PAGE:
Improve Winter Humidity in Your Home, Simple and Easy

As the temperature drops outside, people are more apt to put their indoor heating on, which keeps it warm and comfortable and dries out the air considerably. People may experience more painful dry, chapped skin, cracked lips, and flyaway hair in the winter months as they are struck with the double trouble of cold winds and dry heat. Besides surface cosmetic problems, the lack of humidity indoors can also increase the chances of getting sick.

If your home is not equipped with a central humidifier system, you need to find other ways to add moisture to the air around you and your family. Luckily, there are plenty of cheap ways to do so.

Put a few of these ideas into practice. Everyone in your home, including pets will be more comfortable, houseplants will stay healthier, and you may avoid costly problems due to wood furniture and fixtures drying and cracking.

So, take a look at these five simple ways to improve winter humidity in your home.

1. Plug-in Humidifiers Work Wonders

Many people have portable humidifiers if they have children because they help with croup and overall comfort, especially when the child is congested. These machines can be just as useful for everyone else in the house as well. Place one in each bedroom and even in the living room to improve the air’s moisture content.

Some safety precautions must be followed. For example, avoid hot steam or put the humidifier on a cooler setting and make sure the steam is not directed at walls or furniture.

2. Consider Your Laundry

People who enjoy hanging their laundry outside in the warm spring and summer months may turn to the electric or gas dryer when the weather turns cold. If you have a problem maintaining proper moisture levels in your home, hanging some laundry up around the house can help.

Although you do not want damp clothing draped on every surface, it is quite easy to hang some shirts or blouses on hangers and hook them over door frames. They will dry quickly in the dry house air, and your home’s humidity level will rise.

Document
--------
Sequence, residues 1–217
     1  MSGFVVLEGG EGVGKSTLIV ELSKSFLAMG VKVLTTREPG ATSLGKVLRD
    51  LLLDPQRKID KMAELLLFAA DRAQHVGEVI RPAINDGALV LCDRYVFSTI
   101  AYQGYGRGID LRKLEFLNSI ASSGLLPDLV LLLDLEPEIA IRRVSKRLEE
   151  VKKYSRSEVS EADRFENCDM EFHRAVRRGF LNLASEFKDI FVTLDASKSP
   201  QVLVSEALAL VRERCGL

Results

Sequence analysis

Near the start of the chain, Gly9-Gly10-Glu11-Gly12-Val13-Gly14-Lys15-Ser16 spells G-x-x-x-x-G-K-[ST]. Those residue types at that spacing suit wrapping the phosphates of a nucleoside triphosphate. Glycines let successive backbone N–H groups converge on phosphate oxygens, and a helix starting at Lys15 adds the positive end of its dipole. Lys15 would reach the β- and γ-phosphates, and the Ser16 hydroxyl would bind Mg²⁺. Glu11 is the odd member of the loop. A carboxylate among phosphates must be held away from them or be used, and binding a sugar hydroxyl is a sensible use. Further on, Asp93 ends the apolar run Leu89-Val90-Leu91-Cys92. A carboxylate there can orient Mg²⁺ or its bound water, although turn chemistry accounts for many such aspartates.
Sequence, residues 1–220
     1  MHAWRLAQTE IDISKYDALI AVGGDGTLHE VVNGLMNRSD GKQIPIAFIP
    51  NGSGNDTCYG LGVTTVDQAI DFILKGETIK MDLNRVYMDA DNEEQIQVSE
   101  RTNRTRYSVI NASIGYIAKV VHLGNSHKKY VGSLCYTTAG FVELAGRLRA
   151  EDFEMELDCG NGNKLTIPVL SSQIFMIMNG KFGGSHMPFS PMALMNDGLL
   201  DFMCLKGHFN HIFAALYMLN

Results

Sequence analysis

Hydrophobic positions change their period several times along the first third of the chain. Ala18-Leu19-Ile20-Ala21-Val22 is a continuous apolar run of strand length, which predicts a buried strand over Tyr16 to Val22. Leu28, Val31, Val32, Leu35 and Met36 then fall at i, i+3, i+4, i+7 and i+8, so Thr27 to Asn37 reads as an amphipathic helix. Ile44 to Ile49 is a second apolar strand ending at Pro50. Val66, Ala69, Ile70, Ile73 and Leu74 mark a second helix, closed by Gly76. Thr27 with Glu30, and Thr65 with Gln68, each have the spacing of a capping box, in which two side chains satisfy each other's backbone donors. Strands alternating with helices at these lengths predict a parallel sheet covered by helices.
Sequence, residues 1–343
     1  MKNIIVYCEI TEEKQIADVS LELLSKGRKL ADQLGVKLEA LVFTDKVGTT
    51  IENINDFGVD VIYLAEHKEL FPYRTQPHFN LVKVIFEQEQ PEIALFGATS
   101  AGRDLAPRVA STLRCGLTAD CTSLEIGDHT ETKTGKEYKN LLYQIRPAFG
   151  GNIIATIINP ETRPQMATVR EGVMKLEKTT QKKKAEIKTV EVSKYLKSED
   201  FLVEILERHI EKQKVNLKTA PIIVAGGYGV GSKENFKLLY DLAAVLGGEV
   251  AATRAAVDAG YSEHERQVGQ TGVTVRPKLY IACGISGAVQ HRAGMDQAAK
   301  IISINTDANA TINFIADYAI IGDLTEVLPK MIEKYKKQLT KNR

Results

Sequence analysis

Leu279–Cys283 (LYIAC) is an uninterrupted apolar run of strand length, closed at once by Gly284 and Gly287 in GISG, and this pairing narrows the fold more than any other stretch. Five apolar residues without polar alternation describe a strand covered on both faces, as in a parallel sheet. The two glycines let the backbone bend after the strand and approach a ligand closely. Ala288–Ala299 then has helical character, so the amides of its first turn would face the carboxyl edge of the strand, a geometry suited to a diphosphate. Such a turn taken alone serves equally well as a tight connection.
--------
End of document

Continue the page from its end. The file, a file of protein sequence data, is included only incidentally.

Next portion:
3. Increase Humidity in Room with Plants

Unless you prefer the look of a desert cactus garden, having houseplants can improve the humidity in your home. Keep in mind that the plants themselves can suffer in low humidity areas, so it is important to keep up the practice of watering and spritzing them appropriately.

Always follow the specific care instructions for the type of plant you have. Water more frequently, spritz with a light mist of water, or rest them in a tray with pebbles and water in it to increase their bubble of moisture.

4. Just Plain Water

If the air in your home is particularly dry or you do not have houseplants or laundry to hang around, direct water use can help. Take some bowls or shallow dishes and set them securely on counters and table, preferably near heating vents and radiators. Pour a bit of water into each and allow the power of evaporation to work its magic. Make sure to keep these clean and add more water regularly.

You can also boil a large pot of water on the stove a few times a day to release moisture.

Use a spritz bottle and squirt a fine mist into the air in the center of the room can work as well.

5. Steam

While taking a bath or shower, open the door and let the steam spread its excess moisture throughout the extended areas. Do not drain the bathwater immediately after a good soak.

All of these techniques can help add humidity to a dry winter house. Try one or adopt them all to increase comfort, protect your skin and mucous membranes, and maintain health throughout the months where people spend a lot more time inside.

If you would like more information on the best ways to improve winter humidity in your home, get in touch with the team at All A’s Plumbing and Heating. We will be happy to help you.